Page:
Livid Lokoli not shakin' and stirred

China Daily | Updated: 2017-06-01 06:55

PARIS - As anyone who has ever played or watched tennis - professional or recreational - knows, the post-match handshake at the net is as much a customary part of the sport as a racket, ball or serve.

So when a player who lost at the French Open rebuffed his opponent's attempt at the ritual on Tuesday, it became the talk of the tournament.

On a day when No 1 Andy Murray and No 3 Stan Wawrinka won, and a couple of top-10 players unaccustomed to long stays at Roland Garros - Alexander Zverev in the men's draw, Johanna Konta in the women's - lost, the most buzzworthy development stemmed from a match between one guy who stands 50th in the world and another who is 285th.

After losing to Martin Klizan of Slovakia 7-6 (4), 6-3, 4-6, 0-6, 6-4 in the first round at Roland Garros, wild-card entry Laurent Lokoli of France skipped the usual sign of sportsmanship. Instead, he went to the sideline to pack up his things.

Livid Lokoli not shakin' and stirred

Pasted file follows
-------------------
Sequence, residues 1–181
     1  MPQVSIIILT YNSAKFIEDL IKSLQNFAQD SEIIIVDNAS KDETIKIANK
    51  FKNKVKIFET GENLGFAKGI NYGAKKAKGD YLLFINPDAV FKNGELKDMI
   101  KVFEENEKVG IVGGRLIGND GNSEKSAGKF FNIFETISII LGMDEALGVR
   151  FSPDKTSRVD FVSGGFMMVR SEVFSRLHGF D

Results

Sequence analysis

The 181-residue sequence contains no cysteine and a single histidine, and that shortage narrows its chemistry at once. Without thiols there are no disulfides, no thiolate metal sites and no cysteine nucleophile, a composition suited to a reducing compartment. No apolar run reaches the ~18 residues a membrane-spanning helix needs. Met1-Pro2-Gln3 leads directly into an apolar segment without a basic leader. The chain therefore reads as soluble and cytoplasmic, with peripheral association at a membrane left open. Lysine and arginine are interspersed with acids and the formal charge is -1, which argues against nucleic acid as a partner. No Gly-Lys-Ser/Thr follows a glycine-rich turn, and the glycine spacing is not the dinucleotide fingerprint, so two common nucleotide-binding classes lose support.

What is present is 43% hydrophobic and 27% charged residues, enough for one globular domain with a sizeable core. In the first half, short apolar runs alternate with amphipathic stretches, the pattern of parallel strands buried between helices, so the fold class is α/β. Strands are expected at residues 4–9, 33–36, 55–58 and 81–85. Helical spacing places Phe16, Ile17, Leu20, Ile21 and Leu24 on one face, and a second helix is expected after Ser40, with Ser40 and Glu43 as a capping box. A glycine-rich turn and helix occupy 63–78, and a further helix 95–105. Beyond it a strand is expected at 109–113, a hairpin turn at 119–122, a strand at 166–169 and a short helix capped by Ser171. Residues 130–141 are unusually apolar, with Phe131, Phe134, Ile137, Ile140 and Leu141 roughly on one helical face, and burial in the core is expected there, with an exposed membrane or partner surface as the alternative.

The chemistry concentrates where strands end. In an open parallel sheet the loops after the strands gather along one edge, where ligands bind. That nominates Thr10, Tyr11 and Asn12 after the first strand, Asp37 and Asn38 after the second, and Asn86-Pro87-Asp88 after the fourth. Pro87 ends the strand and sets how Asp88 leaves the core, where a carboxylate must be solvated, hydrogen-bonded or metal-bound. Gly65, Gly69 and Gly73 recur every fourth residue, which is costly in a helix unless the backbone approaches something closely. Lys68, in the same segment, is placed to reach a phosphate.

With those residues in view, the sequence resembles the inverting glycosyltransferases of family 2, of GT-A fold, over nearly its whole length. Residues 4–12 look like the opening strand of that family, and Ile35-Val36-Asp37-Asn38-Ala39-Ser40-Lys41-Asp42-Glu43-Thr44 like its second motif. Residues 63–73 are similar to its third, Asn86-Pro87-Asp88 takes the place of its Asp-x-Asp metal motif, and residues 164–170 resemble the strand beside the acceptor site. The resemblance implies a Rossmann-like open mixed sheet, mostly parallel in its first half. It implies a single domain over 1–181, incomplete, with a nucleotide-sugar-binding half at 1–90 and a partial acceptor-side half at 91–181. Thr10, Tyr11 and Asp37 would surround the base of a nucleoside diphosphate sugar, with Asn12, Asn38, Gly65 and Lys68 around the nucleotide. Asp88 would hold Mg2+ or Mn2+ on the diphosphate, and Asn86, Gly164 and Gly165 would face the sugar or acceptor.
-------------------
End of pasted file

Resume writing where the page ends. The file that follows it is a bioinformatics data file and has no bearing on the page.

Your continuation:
When Klizan approached, right arm extended, Lokoli dismissively waved him off with the back of a hand, motioning to stay away.

Afterward, Lokoli said he wasn't being a sore loser but rather that he didn't want to shake because he thought Klizan was faking an injury during the match and was generally "disrespectful".

"I just have a problem with his attitude," Lokoli said. "He wasn't fair. That's it."

Klizan, who will face Murray in the second round, initially opened his media conference by being confrontational with reporters, repeatedly saying he had no comment and adding: "I don't want you to make a big story about nothing."

Eventually, he spoke about a problem with his left calf that he said forced him to pull out of other recent clay-court tournaments and made him consider withdrawing from the French Open.

Later on Tuesday, Klizan played in a doubles match that he and Joao Sousa of Portugal lost in straight sets.

Lokoli was angered by what he interpreted as gamesmanship, saying Klizan appeared to be dogging it over some stretches - such as the 6-0 fourth set - when he was apparently hampered by his leg.

"I was wondering if he was going to retire or not, because he's not running anymore, you know?" said Lokoli.

"I'm just saying that, you know, there are ways of doing things. If you're injured, for instance, well, you're injured. So what? Call the doctors. This is what really bothered me.

"Look at reality. The person on the other side of the net is doing things that are very, very weird. Strange things. What am I supposed to do about it?"

Klizan explained the fourth set this way: "He played perfect. No mistakes. Serving aces. I was playing bad. At that time, I felt a little pinch in my calf, so I was scared."

Associated Press

(China Daily 06/01/2017 page24)

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